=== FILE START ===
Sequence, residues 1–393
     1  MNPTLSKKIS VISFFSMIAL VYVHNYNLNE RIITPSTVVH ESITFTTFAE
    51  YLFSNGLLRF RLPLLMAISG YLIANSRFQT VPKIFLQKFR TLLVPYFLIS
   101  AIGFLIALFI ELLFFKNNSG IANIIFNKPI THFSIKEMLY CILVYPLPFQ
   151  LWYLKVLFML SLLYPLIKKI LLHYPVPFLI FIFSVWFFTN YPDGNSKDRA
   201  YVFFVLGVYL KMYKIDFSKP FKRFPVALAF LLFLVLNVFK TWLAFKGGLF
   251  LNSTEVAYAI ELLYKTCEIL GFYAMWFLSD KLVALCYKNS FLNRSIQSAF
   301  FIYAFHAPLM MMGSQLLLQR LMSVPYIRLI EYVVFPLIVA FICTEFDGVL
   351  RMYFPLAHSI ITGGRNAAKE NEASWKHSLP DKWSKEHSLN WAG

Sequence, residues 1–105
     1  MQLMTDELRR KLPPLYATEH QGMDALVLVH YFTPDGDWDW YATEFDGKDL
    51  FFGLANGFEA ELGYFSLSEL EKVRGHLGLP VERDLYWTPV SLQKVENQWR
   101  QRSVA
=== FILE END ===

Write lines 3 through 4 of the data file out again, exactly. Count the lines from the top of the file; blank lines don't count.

    51  YLFSNGLLRF RLPLLMAISG YLIANSRFQT VPKIFLQKFR TLLVPYFLIS
   101  AIGFLIALFI ELLFFKNNSG IANIIFNKPI THFSIKEMLY CILVYPLPFQ